Examination of Witness (Questions 320
TUESDAY 7 NOVEMBER 2000
320. I think this goes to the heart of all this
and everything else really.
(Dr Reid) I have not denied, nor did I in my opening
statement, that I wanted to help the Labour Party. That was communicated
to Alex Rowley. If you want to call that an arrangement, call
that an arrangement. That is not the crucial thing. The crucial
thing isdoes Alex Rowley imply that part of those discussions
in that arrangement was that they would not have to do anything
for me? Up until today he did not, but if you jump back to paragraph
172, and incidentally that was where I stopped, I had not seen
any of the paragraphs you mentioned before, if you go to 172 Alex
says, and this is the first time he ever says this
321. What line is this?
(Dr Reid) It is Mr Rowley under question 172. He says
"I was absolutely clear that neither of the two were working
for MPs". He has never said that before. First of all, it
is wrong. Ms Filkin has accepted that it is wrong. All of this
evidence illustrates that it is wrong, Mr Campbell-Savours, this
stuff I sent. It is now obvious, whether he has changed his mind
on this or whether he is strengthening his position, he is now
saying something which is not true. You are asking me, did he
believe it to be the case that this was part of the arrangement?
One, if he says he believed that to be the case, I cannot say
that he did not believe that. Two, if he believed it, was he right?
No. No. There was no implication or communication which said to
him that the staff that I employed would not work for me. He obviously
thinks it from paragraph 172. All of the evidence, including the
Commissioner, says that is not true, they did work for me. Your
question was very important. Is it possible he is telling the
truth? If he believed what he was saying he may be telling the
truth from his point of view, but all of us know that it is not
the truth about the reality and I know it is not the truth about
the reality. Does that answer your question, Mr Campbell-Savours?
Mr Campbell-Savours: Yes, it does at
322. On the issue of whether or not these members
of staff worked for you, I think the Commissioner's position is
that there is no evidence that they did not, which is not quite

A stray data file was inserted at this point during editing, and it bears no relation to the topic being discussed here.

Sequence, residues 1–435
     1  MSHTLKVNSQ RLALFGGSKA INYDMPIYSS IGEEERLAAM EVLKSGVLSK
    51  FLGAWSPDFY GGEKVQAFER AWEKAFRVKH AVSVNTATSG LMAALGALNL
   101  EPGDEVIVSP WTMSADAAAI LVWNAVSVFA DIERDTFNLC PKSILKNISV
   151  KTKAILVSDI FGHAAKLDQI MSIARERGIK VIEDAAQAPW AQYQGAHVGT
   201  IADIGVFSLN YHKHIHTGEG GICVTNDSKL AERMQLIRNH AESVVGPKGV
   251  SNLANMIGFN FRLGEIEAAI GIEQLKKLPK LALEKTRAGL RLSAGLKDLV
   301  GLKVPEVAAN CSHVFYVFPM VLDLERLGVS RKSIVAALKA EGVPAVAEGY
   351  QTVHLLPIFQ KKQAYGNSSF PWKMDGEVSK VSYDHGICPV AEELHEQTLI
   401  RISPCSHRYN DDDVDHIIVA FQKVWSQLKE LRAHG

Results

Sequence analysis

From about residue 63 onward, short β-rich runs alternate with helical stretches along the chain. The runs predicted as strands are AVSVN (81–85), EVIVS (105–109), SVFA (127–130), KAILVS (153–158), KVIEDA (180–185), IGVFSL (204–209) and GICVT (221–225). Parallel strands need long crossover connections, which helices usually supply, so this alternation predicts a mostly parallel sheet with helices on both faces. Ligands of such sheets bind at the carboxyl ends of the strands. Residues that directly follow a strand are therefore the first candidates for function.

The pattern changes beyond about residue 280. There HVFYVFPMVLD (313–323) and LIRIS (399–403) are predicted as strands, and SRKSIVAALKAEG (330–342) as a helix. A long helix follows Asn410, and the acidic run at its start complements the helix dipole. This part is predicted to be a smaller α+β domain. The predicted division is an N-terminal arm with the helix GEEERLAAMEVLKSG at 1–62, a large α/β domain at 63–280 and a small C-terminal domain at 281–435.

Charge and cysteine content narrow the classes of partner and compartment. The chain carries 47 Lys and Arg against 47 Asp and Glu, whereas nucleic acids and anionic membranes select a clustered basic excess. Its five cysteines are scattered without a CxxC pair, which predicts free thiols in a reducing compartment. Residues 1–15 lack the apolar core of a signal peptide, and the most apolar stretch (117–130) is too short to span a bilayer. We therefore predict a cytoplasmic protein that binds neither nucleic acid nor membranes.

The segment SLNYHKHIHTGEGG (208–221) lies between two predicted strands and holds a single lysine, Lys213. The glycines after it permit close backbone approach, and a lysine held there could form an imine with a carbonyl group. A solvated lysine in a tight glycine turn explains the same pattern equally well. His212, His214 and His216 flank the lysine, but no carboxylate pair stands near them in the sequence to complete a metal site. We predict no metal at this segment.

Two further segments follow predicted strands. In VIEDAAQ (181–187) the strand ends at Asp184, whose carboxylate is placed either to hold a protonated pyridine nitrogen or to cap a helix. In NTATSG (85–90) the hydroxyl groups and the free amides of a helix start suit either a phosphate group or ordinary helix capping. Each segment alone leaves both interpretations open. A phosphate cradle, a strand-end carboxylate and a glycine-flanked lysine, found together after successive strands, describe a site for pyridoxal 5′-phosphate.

the same as there is evidence that they did.
(Dr Reid) Can I just clarify that? This is very important.
Is that Ms Filkin's view that there is no evidence that they worked
(Ms Filkin) There is no evidence that they did not
work for you.
323. It is a negative.
(Dr Reid) Can I ask through you, Chairman, do you
accept that there is evidence that they worked for me?
(Ms Filkin) You have provided evidence which I have
provided to the Committee which demonstrates the work that was
done by these researchers.
(Dr Reid) Is that yes, Ms Filkin?
(Ms Filkin) That is my telling you precisely what
I wish to convey and what I have conveyed in my report. I have
never said that these researchers did not do any work for you.
(Dr Reid) I understand that.
(Ms Filkin) I have never said that. I have made it
clear in my report, as Mr Foster says, that I have never said
that they did not do any work for you.
(Dr Reid) I understand that, Ms Filkin. It is the
first time we have had a chance to speak to each other, I think.
With respect, Chairman, I did not ask you if you said they never
did anything for me, I asked you in view of what I have submitted
to you if you accept that they did work for me. This is a very
Chairman: I think we had better proceed
with the question.
324. The question I really want to ask you is
this: if it is agreed that they did some work, I think the issue
is did they do sufficient work to justify their Office Costs Allowance
(Dr Reid) Yes, I think they did. Like all of my staff,
if I did not think they were doing it then I would not be happy
about that. Also, I do not want to go falling into this, I thought
that it was assumed that all of us were innocent until there was
sufficient evidence to show the opposite.
325. I think that must be right but what I am
trying to put to you is, because it is in the Commissioner's report,
that she takes the view, as she read, that Members of Parliament
must monitor in some way or another the sufficiency of the work
that is covered by the Office Costs Allowance. The question I
am really putting to you is are you satisfied that you did that
and having done so, if you did, that the work was carried out?
(Dr Reid) Yes, I am satisfied I did that. In the circumstances
we all find ourselves, we do not ask people to clock in and out,
especially if I am 400 miles away. I can tell you truthfully,
I trust the people who work for me. I trust Mary McKenna, she
has been with me 20 years. Some nights Mary McKenna may work all
night, sometimes she works for weeks on end. I do not know every